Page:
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Historical Materials: Maritime & Other Industries & Facilities
Blizzard of 1839
In December of 1839 the New England coast was hit by three massive gales in the space of two weeks. The ones on December 15th and 27th wreaked havoc in Gloucester harbor, but did not involve Gloucester boats because the fishing fleet was hauled up for the winter. The casualties were coastal traders that tried to shelter from the hurricane force winds in the outer harbor between Ten Pound Island and Ten Pound Ledge where they were instead exposed to both the full force of the gale and the undertow churning over the Dog Bar—a spit of sand at the end of Eastern Point where the breakwater was built 65 years later. In the days of sail a seafarer was at the mercy of the winds—and the winds showed no mercy those nights. Despite attempts to save the mariners, the beaches and rocks from the Cut to Freshwater Cove were soon strewn with the wrecks of more than fifty vessels, together with their cargos and the bodies of the dead.
Cape Ann Museum Library & Museum, Gloucester, Mass.
This letter was written by Alfred Presson to his brother William, who made long voyages out of New York as a hired captain on traders to the West Indies and the North West Coast of Africa. William rarely returned to Gloucester and was always eager for news of his old hometown. Alfred was Treasurer of the Cape Ann Savings Bank and Secretary of the Marine Insurance Company.
"The present winter has been one of great severity to the shipping on our coast. I send you a paper containing an account of the destruction caused by the gale of the 15 Dec. in our harbor. There are some little inaccuracies in the acc. but is not at all exaggerated - the vessels came ashore at the Old Stage, Freemans Beach and at the Steep Bank - I was down there until dark and saw nearly all of them ashore - the vessels that rode out the gale cut away their masts after it came on dark.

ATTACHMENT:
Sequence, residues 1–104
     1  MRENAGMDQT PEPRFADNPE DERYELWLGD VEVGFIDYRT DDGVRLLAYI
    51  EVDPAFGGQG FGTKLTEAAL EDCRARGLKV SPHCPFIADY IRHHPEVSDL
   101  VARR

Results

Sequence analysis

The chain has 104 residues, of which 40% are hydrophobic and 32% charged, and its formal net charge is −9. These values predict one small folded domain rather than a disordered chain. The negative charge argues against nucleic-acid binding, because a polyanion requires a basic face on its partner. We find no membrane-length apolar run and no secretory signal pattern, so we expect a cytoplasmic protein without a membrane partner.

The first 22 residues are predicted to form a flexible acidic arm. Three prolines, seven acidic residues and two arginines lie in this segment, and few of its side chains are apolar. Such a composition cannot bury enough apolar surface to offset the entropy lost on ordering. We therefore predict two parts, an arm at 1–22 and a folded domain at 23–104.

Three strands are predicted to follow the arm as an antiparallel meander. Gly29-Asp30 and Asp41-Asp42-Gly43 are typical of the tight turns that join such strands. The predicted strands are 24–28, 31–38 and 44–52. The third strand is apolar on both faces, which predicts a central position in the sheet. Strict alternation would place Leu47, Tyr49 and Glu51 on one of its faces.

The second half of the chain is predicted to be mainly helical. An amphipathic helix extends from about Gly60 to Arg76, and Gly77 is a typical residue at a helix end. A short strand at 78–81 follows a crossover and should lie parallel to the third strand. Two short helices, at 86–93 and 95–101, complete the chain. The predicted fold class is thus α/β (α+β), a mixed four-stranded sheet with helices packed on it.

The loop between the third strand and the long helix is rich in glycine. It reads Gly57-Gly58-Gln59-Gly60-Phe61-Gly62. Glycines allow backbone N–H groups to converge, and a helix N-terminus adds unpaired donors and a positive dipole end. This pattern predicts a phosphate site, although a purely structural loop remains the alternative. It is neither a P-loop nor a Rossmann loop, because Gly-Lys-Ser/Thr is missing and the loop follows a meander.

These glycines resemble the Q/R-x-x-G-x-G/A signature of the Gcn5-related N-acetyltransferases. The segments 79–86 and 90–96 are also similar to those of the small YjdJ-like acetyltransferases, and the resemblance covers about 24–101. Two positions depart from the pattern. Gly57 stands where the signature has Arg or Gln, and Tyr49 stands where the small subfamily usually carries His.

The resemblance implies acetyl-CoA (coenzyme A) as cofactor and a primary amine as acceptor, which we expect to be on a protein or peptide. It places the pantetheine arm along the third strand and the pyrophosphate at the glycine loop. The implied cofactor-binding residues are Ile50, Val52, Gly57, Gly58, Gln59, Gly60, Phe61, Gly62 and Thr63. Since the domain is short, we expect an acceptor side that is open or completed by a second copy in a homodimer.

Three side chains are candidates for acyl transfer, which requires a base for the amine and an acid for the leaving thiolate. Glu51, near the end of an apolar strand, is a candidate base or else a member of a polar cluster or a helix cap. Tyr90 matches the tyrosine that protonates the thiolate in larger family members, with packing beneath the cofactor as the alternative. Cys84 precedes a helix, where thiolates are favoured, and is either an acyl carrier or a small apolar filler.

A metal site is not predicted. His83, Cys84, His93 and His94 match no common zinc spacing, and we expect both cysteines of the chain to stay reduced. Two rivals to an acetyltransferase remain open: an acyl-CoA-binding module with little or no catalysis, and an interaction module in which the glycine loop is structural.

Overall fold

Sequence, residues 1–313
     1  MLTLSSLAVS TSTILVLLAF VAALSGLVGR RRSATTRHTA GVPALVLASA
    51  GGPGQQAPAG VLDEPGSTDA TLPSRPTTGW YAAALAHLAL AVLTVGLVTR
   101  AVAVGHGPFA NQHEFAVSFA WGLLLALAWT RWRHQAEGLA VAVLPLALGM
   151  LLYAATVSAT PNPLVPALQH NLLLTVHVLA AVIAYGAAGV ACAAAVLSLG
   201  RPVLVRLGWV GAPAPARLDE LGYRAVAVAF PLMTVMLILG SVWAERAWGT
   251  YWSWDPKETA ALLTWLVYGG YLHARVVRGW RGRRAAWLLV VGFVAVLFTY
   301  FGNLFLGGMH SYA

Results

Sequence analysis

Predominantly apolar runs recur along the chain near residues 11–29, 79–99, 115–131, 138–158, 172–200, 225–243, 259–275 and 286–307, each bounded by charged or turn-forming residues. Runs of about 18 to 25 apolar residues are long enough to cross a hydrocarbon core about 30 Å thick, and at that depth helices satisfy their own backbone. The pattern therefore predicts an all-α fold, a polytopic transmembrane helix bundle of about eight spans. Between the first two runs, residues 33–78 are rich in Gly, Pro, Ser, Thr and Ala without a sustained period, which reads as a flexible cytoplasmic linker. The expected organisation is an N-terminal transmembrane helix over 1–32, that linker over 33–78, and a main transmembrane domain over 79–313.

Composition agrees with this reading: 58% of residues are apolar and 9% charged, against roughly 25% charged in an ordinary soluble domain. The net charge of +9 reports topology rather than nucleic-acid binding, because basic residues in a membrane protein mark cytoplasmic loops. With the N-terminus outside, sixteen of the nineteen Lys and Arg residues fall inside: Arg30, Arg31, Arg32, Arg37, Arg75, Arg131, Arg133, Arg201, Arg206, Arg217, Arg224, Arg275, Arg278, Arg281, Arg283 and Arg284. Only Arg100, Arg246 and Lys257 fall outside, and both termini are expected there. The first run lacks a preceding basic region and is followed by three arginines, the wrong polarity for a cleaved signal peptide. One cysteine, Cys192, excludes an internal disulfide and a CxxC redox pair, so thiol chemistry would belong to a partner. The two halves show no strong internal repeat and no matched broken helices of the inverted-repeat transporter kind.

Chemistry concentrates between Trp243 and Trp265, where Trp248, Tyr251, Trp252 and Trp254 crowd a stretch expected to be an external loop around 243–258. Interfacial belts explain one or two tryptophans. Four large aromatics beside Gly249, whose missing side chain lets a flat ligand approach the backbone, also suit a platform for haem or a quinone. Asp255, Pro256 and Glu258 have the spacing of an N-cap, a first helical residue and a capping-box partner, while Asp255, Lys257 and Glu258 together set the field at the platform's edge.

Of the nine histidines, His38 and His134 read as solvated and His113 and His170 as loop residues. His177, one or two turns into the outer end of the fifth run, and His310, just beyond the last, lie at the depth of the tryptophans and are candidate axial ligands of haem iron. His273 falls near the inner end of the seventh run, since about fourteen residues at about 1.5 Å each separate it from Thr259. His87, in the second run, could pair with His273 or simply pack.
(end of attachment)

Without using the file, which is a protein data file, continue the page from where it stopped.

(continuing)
The gale of the 26 Dec was perhaps equally severe for a short time, but fortunately few shipping in the harbor, 2 brigs & 2 sch’s drove ashore, the 2 Brigs were entirely lost, cargo of one partly saved, the Sch’rs were got off much injured - the Captains wife of one of the brigs drowned.
You will undoubtedly have heard of the death of Mr. Alphonso Mason and Capt. John G. Low of this town, by the burning of the Lexington, Mason was a valuable man in the community and is very much missed."
Cape Ann Museum Library and Archive
Accounts about the Blizzard of 1839:
15. Storm commenced last night—extremely pleasant all day till evening it increased and so continued thro’ this day with violence. never did I pass a more gloomy Sabbath. Fuller came in after tea wet through. he had been down to the wharfs and other places three four hours. he says it is dreadful storm and what makes it the worse people are drowning and no assistance can be rendered them the storm is raging so violent -
16. storm has abated some, and men are flocking by to assist the sufferers. many vessels ashore at the cove, steep rock and many of the men drowned. one woman found—and two women they dragged on shore alive and not much hurt—oh heavens what a storm this has been and how much distress it has brought. I hope Capt. Nickerson is safe if he came out of the Vineyard Saturday I fear he may not have reached the city before the storm came on. Father has been down to cove all day. he says it is a most dreadful sight.
17. pleasanter. had a meeting of the inhabitants last night and subscribed 4 or 5 hundred dollars for the poor shipwrecked mariners. poor souls how much they have suffered. many bodies have been found .
20. Mr Whaite is to preach the funeral sermon Sunday as the men will be buried from his church and Mr Smith delivers the prayers. there are 11 bodies.
27. oh what a night I past. the wind blew a hurricane worse than before—was up some time before light for it was impossible to sleep or feel easy
28. Miss Wharf came to help me try out my larder. a brig went all to pieces this morning about 4 o’clock in about the same place the others did. all on board was saved except the Captains Wife—three other vessels ashore at half moon beach—it has been a gloomy month . . .
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“Some of the vessels sunk at their anchors, and all hands perished. Others came upon the rocks, where, with the assistance [of Gloucester fishermen] most of the crews were rescued. All afternoon the vessels continued to drift ashore. . . .
Darkness came . . . the wind howling and the sea raging piteously all through the hours of the night. . . . The exact loss of life was never fully ascertained, but . . . twenty lives were known to have been lost in this vicinity.”